North Africa is similar to the Middle East in many ways — language, religion, culture and some ethnic groups. Some writers include Egypt, or even Sudan and Libya, in their use of the term "Middle East".
On the other side, Central Asia also has much in common with the Middle East. Ethnic groups and languages are different, but the religion, much of the food, clothing, and architecture are similar. Iran could be counted as part of either region; at one point most of Central Asia was part of the Persian Empire.
The border between southeastern Europe and the Middle East is also unclear. Many writers include Turkey in their usage of "Middle East" and we include it above, but parts of Turkey are very much European. Large parts of Turkey and all of Lebanon and Israel are also clearly Mediterranean regions. On the other hand, several countries usually considered European — Greece, Cyprus and to some extent the Balkans — also have Middle Eastern aspects to their culture.
The largest hubs for flights in the region are Dubai Airport, Hamad International Airport (Doha) and Abu Dhabi, with their home carriers, Emirates, Qatar Airways, and Etihad Airways respectively serving every inhabited continent, and having the largest and fastest growing medium to long haul route networks in the world. Istanbul also has good connections from virtually any point in the Middle East, and is served by numerous flights from Europe, North America and East Asia. Ben Gurion Airport is served by flights from most Western countries, although due to the political situation it is not possible to fly from there to anywhere in the Middle East besides Egypt, Jordan and Turkey.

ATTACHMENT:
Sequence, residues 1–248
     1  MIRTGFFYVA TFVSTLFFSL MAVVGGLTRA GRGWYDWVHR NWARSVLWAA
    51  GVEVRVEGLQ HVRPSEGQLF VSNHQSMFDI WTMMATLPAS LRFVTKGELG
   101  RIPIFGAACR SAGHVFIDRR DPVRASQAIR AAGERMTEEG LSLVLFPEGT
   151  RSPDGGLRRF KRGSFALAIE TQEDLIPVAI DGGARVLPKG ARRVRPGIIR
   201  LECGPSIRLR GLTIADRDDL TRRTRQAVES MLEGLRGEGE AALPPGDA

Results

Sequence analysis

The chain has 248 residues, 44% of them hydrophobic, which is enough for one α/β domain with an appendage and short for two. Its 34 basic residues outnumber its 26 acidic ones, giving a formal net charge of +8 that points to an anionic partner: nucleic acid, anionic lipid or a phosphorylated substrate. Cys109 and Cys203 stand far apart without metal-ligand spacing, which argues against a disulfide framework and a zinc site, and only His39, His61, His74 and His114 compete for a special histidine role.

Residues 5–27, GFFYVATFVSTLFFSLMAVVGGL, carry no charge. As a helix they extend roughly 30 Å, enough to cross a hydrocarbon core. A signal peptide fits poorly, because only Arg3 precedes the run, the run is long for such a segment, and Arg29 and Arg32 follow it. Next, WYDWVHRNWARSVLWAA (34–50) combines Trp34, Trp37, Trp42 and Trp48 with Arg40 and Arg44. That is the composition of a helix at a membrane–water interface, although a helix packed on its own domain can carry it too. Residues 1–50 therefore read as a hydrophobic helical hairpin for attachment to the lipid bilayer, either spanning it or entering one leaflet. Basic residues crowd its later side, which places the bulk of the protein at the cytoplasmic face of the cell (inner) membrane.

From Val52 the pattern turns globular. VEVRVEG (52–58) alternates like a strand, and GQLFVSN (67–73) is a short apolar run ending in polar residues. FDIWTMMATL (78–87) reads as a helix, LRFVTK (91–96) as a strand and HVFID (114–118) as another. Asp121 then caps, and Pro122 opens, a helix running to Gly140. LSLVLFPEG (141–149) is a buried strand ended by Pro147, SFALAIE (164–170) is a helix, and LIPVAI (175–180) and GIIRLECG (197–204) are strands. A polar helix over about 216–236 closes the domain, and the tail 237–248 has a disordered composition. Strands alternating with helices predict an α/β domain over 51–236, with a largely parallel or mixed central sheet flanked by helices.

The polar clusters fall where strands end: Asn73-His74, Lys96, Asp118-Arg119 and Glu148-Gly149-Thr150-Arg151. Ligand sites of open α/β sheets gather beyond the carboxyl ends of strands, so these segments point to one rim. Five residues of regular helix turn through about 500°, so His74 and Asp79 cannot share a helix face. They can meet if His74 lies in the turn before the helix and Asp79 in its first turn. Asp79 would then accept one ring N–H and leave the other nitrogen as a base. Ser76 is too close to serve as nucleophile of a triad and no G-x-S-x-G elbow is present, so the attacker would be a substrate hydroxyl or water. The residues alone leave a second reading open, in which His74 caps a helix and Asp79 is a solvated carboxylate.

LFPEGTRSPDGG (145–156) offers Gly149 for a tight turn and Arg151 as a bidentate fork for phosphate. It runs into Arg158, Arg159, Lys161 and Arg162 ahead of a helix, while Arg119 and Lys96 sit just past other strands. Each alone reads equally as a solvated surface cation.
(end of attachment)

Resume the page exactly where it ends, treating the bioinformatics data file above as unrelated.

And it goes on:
However, there are direct flights from large European hubs to most major cities in the region.
See Ferries in the Mediterranean. Ferries are available between Greece or Cyprus to Israel Lebanon and Turkey. Cruises also exist for longer excursions.
By car or bus
Turkey can be reached overland via Greece or Bulgaria.
Border crossings exist between most countries. However, these may be subject to temporary closure depending on political situations. For instance, currently most crossings into Syria are closed or dangerous. There are no border crossings between Israel and both Lebanon and Syria. Driving a car between counties is dependent on whether cars are allowed into different countries. This is variable across the region.
Public transport is poor compared to other regions of the world including other parts of Asia. The majority of locals would use plane or car travel to get between countries. Places where Sunni and Shia areas overlap sometimes lack interlinking transportation.